Monday, July 31, 2006

Taking the "non" out of "non-user": Part 3 of 4

You know what your problems are and what you want to achieve, but now you have to actually bring your non-users into the fold. What do you do?

Welcome to Part 3: Possible tactics

The AMA defines tactics as "short-term actions undertaken to achieve implementation of a broader strategy." The assumption made is that you have a strategy in place before you start thinking about tactics (see Parts 1 and 2). The following tactics may or may not fit your strategy, so take them as starting-off points rather than prescriptions. Also, please do share tactics or strategies that have worked for you!

  • Bring a friend: I'm a fan of the idea that our current patrons could be terrific partners in reaching out to new patrons, particularly since there is so much distrust of traditional forms of promotion. One way to do this would be to sponsor a "Bring a Friend" event, where current patrons bring friends and family who have never been to the library, have them sign them up for a library card, and enter a raffle. You could even feature your more enthusiastic borrowers by asking them talk to the newcomers about what the library means to them.
  • Win over key leaders: Every community has key leaders and influential people who may prove to be effective in getting non-users inside your doors. Are there any civic, business or social groups in your community that could benefit from what your library can offer? Contact the leaders of these organizations for a brief meeting or presentation in which you outline specifically how the library can be an asset to members. Perhaps offer to lead an on-site workshop on a topic of interest to members. To be convincing, you may have to change/redesign/repackage your services to fit the needs of these targeted groups. For example, last month the Associated Press reported that libraries in New York and Pennsylvania are reaching out to small business owners through customized online resource aimed at helping them to write business plans and do market research. Tailoring your services leads to the next tip...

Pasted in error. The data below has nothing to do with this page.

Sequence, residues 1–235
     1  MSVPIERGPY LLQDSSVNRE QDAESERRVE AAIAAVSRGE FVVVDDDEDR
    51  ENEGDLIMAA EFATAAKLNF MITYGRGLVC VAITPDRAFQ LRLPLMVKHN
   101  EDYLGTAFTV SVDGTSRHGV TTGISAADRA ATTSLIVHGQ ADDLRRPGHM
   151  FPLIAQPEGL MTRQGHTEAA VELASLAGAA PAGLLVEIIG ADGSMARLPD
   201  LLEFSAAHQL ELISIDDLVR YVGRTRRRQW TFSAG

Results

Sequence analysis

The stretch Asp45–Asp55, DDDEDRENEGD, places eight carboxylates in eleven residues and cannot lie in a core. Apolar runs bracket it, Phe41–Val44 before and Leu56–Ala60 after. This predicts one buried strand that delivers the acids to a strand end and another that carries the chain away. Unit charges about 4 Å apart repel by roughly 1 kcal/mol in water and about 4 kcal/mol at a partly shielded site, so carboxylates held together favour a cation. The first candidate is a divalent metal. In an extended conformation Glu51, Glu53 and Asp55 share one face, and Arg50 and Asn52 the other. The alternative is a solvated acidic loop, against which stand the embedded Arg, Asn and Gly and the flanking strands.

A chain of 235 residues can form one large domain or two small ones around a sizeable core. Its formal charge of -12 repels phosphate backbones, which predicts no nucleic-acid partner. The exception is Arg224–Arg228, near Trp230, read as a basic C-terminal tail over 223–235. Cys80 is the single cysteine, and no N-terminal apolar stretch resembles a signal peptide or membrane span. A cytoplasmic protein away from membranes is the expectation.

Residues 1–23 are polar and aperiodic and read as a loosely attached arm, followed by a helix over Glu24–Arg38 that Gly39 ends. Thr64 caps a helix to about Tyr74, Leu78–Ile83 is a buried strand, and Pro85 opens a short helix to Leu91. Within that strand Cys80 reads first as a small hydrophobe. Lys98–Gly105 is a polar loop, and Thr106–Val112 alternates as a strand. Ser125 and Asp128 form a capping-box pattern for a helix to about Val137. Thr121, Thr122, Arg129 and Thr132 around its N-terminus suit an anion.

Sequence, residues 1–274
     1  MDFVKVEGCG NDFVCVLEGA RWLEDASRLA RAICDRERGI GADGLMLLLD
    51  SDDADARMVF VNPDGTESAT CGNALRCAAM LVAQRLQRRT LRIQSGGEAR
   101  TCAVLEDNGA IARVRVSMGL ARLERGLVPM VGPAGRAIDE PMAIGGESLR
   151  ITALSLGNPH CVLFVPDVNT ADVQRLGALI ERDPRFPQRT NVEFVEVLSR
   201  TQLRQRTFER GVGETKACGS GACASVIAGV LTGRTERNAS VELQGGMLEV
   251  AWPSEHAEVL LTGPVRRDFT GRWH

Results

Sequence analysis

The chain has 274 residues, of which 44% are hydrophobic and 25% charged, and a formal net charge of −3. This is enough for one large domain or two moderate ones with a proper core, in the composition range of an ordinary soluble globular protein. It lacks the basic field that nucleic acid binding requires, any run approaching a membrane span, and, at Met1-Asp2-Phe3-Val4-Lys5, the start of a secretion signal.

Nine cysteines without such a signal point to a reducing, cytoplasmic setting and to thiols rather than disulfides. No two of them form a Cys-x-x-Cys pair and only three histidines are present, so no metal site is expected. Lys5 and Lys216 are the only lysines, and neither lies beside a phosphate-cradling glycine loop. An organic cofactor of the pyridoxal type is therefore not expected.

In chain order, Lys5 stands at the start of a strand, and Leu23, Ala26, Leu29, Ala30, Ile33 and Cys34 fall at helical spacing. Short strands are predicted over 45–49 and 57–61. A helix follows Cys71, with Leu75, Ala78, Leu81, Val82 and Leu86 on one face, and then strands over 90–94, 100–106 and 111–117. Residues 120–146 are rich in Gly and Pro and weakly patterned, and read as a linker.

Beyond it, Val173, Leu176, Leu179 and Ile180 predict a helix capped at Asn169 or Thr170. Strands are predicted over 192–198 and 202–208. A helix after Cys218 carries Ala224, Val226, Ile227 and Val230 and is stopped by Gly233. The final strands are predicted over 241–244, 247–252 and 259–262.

• Differentiate yourself: It's likely that one reason your non-users haven't made the leap to users is that they probably don't understand why your library's services are different or more useful than other sources of information they regularly use. When you reach out to these community members through e-mail or print mailings, events, etc., be sure to let them know what it is you can do for them that no one else can. Marketers call this your Unique Selling Proposition, and if you have one, flaunt it whenever possible. However, positive selling points will vary between target markets, so it's useful to fit your USP to each segment.
  • Let people talk back: Perhaps your non-users have all kinds of good reasons for not visiting your library, but how will you know what they are (and how to address them) on an ongoing basis unless you give people opportunities to share their thoughts with you? As you go out into the community, make it a point to ask people what you could do differently or better, or for any "Wouldn't it be cool if...?" ideas they may have. Include suggestion cards with mailings or when doing outreach events, and make sure that your Web site clearly shows how patrons can contact staff with questions or concerns.
Next up, Part 4: Additional Considerations & Final Thoughts

Update: Steve Backs of Blog about Libraries has some great points about differentiation that are worth taking a look at.

Categories: tips_to_try

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